Opposing Lectures on How to Mitigate Global Warming

Dr. Alex LaGatta (Environmental & Earth Science) offers a brief summary of the two talks given during Jan Term by Dan Kammen and Rich Muller.

Dan Kammen promotes embracing renewables wholeheartedly, while Rich Muller proposes using natural gas as a bridge to renewables. He emphasizes the huge role China plays in global warming, and argues that any strategy aimed at curbing emissions is pointless if it doesn't make it affordable to China and the developing world. Energy consumption, mostly in the developing world, is expected to grow 40% by 2035. China is already the world's largest emitter of GHG and getting them to convert their coal-fired plants to natural gas will be more cost effective than encouraging them to convert to renewables. Having China embrace electric cars would actually make things worse, if China is producing its electricity from coal.

As a reminder, natural gas (CH4) is a much more potent greenhouse gas (GHG) than carbon dioxide (CO2), but it has a significantly shorter atmospheric lifetime than CO2. Combustion of natural gas is also far cleaner (half the CO2 of coal), and more efficient than any other fossil fuel. For these reasons, some believe it has the potential to be a bridge fuel on the road to lower emission technologies (solar/wind/nuclear/conservation). 

I have read several papers in the last couple of weeks and will attempt to summarize the ideas percolating in the scientific community.

One of the big issues with using natural gas as a bridge fuel is that it may subvert and delay the adoption of near-zero carbon technologies (NZCT).

Another issue with natural gas is the leakage (fugitive methane) into the atmosphere. Leakage occurs during production, transmission, storage, processing and distribution. In California alone, PG&E manages 40,000 miles of gas transmission lines. Estimates of leakage in the literature vary widely from about 1% to about 4% nationwide, with point sources (wells) emitting up to 17% (NOAA). The EPA estimated methane leakage to be 1.5%, however most believe this is inaccurate. Because it is a gas and distribution is extensive, it is difficult to assess how much is escaping. Many studies converge on estimates between 2-4%.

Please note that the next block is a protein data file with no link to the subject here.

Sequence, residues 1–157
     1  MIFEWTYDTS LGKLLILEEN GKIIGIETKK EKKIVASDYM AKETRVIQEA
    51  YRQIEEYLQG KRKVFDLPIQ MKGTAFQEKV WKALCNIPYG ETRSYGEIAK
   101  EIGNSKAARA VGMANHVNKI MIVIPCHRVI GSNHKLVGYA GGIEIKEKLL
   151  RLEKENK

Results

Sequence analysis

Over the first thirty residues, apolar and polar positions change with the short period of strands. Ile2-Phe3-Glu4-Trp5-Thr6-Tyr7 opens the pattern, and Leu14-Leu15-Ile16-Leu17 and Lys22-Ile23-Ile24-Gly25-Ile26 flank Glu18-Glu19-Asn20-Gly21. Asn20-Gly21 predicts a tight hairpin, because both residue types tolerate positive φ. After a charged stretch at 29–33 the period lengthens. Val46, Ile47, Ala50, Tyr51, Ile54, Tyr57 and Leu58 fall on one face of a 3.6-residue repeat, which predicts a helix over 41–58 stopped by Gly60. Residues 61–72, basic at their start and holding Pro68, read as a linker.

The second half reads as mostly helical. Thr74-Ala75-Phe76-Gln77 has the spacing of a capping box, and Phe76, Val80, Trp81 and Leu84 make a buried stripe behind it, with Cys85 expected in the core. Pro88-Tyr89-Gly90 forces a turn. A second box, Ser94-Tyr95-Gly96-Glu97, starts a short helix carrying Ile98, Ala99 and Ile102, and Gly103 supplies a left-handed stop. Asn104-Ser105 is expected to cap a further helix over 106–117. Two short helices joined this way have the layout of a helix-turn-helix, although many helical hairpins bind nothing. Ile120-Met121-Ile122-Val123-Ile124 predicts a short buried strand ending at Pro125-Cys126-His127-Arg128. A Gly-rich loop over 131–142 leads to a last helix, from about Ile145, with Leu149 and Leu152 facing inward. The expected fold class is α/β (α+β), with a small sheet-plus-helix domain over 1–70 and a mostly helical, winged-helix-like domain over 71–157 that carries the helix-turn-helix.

Richard Muller and others argue that because of the short half life for CH4 in the atmosphere (8.6 years), and assumed lower leakage rates, there are significant advantages to using natural gas over coal in the short term (40-50 years). They suggest that fugitive rates at or below 3% support natural gas as an effective bridge fuel. Others (NCAR and Prof. Kammen) calculate that leakage rates > 2% will negate any advantage over coal. An Op-Ed in the New York Times argues that natural gas is not a bridge but instead a gangplank to more warming and away from clean energy.  

Fugitive methane has greater climate impact in the short term (~20 years) as the CH4 has little time to oxidize and remains a more potent GHG. Natural gas has a compelling place in addressing long term climate impacts (100 year horizon), if the leakage rates are minimized. If short term climate impacts (20 year horizon) are prioritized, and leakage rates are on the high end (3-6%), then natural gas will do more harm than good. And if embracing natural gas delays the adoption of NZCT, the same holds true.

Natural gas is not a good bridge fuel if we are expecting to transition to near zero carbon technologies (NZCT) soon. For example if we are expecting to transition to NZCT in the next 5 years, then opening a natural gas plant with a life expectancy of 30-35 years will not help. However if natural gas is eschewed as a bridge and zero carbon technologies are not deployed quickly, this would be a very bad situation with a lot of long-lived CO2 in our atmosphere.